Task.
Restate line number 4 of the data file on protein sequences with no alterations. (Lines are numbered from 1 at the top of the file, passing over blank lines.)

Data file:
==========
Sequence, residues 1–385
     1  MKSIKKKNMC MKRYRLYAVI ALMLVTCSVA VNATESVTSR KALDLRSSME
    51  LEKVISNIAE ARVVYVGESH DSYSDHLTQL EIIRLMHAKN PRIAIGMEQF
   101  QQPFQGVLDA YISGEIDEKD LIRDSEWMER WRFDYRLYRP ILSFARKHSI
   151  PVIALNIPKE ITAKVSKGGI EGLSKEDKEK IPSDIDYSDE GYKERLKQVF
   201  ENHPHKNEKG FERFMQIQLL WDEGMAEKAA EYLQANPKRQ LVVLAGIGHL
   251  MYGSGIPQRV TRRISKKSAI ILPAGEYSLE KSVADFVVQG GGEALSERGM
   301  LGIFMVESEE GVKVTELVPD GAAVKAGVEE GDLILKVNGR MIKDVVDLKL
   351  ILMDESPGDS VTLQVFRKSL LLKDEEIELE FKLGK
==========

   101  QQPFQGVLDA YISGEIDEKD LIRDSEWMER WRFDYRLYRP ILSFARKHSI